Bihar Chief Minister Nitish Kumar has in recent weeks begun to regularly talk about reservation in the private sector – something he chose not to take up in the last 12 years. This came as a follow up to the Bihar cabinet acceding to reservations in outsourced government jobs, most likely as a result of serious deliberation.
Fact is, Nitish Kumar has been looking for a national issue that will ensure him the national spotlight. In the wake of his rejoining the NDA, under the alibi of corruption charges against RJD chief Lalu Prasad’s younger son and then deputy CM Tejashwi Prasad Yadav, the media had certainly not been kind, describing his parting with the grand alliance in Bihar a betrayal of its mandate and a brazen act of political opportunism.
All the BJP’s attention, moreover, has not lasted. As pragmatism returns to Patna, the BJP has started cold-shouldering him, if not snubbing him. The JD(U) did express its displeasure privately at not being given couple of ministerial berths at the Centre in the recent cabinet expansion, while Nitish’s demand for central university status to Patna University (PU) in its 100th anniversary year was not conceded by the PM. He merely asked PU to push itself to become a world class university and get special funds and autonomy.
Nitish has hardly been a pushover in politics, whether in company of stalwarts like George Fernandes, Lalu Prasad and Ram Vilas Paswan, or Atal Behari Vajpayee and LK Advani. But for last three months, he is trying hard to appease the PM and gushing over him. The Nitish Kumar 2017 version looks a pale shadow of himself. He does not ooze the same confidence he did till a year ago. He is looking like someone who has taken a retirement plan from politics at the expense of his political grit and moral authority.
The return to reservation, even in the private sector, is an attempt to regain lost ground and respect. Nitish knows he has been reduced to just another NDA chief minister but he still wants a national stake. His clamour for reservations has brought him some national spotlight. He knows reservation is a sustainable political plank, unlike prohibition, which has exhausted itself as a political plank. His newfound zeal of anti-dowry and anti-child marriage campaign does not cut much ice with a national audience. This is where reservation matters. The more other parties keep discussing it, the more he will be at the centre of national attention.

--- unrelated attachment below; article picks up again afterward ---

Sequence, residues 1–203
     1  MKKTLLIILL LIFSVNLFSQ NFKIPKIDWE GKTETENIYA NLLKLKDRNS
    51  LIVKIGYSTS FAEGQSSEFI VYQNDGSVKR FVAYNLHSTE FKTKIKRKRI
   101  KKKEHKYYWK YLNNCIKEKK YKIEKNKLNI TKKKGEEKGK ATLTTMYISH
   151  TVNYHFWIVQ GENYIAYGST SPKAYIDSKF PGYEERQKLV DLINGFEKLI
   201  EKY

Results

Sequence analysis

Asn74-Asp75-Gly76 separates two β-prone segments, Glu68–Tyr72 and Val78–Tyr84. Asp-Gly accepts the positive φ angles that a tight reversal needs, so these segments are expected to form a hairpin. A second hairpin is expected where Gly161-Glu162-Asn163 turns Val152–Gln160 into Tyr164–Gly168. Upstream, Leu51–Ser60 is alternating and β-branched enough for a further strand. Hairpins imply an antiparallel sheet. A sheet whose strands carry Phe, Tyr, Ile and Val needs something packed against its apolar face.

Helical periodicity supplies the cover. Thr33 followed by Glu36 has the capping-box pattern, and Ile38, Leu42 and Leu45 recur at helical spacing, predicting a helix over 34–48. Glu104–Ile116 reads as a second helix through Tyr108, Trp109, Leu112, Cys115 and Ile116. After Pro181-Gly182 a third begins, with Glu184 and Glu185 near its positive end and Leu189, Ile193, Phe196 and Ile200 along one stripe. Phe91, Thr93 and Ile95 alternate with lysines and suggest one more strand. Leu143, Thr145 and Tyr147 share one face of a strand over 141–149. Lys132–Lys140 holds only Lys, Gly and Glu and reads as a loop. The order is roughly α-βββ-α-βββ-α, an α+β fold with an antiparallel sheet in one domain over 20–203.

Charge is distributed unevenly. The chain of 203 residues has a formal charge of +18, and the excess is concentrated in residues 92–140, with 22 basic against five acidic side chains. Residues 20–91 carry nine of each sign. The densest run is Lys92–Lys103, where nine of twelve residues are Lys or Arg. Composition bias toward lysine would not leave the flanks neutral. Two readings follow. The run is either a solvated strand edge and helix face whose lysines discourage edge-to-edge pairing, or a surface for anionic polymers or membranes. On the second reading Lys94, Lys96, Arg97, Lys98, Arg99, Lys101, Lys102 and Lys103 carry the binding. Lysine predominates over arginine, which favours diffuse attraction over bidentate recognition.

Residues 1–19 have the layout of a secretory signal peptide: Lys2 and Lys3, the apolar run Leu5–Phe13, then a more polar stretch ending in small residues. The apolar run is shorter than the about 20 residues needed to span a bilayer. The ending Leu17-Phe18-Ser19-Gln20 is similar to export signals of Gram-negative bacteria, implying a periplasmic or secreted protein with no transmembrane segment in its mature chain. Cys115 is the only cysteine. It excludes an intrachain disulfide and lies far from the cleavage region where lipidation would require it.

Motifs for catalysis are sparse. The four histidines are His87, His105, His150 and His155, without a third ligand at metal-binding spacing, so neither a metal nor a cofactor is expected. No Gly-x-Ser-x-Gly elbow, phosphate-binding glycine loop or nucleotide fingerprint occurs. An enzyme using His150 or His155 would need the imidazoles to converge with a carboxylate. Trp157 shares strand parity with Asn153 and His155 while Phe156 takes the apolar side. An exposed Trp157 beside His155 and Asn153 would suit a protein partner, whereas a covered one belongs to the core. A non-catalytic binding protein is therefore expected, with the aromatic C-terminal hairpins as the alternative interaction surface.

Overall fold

Already, Bihar has become the first state to implement reservation in outsourcing jobs. Now that former Union minister Yashwant Sinha and a current critic of the Modi government has dared Nitish Kumar to take his demand for reservation in the private sector to the Centre, Nitish may well feel that he has brought some life to his politics, which was otherwise in the danger of being restricted to Bihar. Nitish knows all the political parties will back him, albeit with some riders and criticism. Both the BJP and Lalu Yadav have already supported him on this matter.
Over the years, Nitish Kumar has changed political parties and alliances with such facility that people have begun calling him a chameleon. In 2009 Lok Sabha polls and 2010 Assembly polls, he ensured that Narendra Modi did not campaign in Bihar. In 2012, he launched first salvo against Modi by saying that anybody wishing to be PM should have a “clean and secular” image. In 2013 he had severed ties with the NDA. In 2014, his JD (U) lost badly in the Lok Sabha polls, but teamed with RJD and Congress to stop Narendra Modi-led juggernaut of BJP in the 2015 Assembly elections by winning 178 of 243 seats.
Nitish Kumar had become the darling of the media, which believed he was the only leader to take on Narendra Modi. Nitish was being perceived as a game-changer. His party had become the most-discussed party nationally, after the BJP and the Congress.
People had begun calling it a David vs Goliath contest, between him and Modi. Everyone liked to discuss this David.
But July 2017 upset all political analysis and calculations. Having rejoined the NDA, Nitish was all of a sudden reduced to a political non-entity at the national level. He had hoped to change the contours of the game – perhaps he hoped he could change the BJP from within and climb the ladder in that party.
Whatever the reason, it hasn’t worked for Nitish Kumar. He is now desperately trying to scramble for a new face, a new kind of politics. Having been the architect of promoting the Extreme Backward Classes and the Most Backward Classes in Bihar, Nitish believes he can change the circumstances to suit his own ends.
This is probably the toughest challenge of his political career so far. Will he be able to climb out of the trough that he willingly stepped into? All of Bihar, nay India, watches for the answer.
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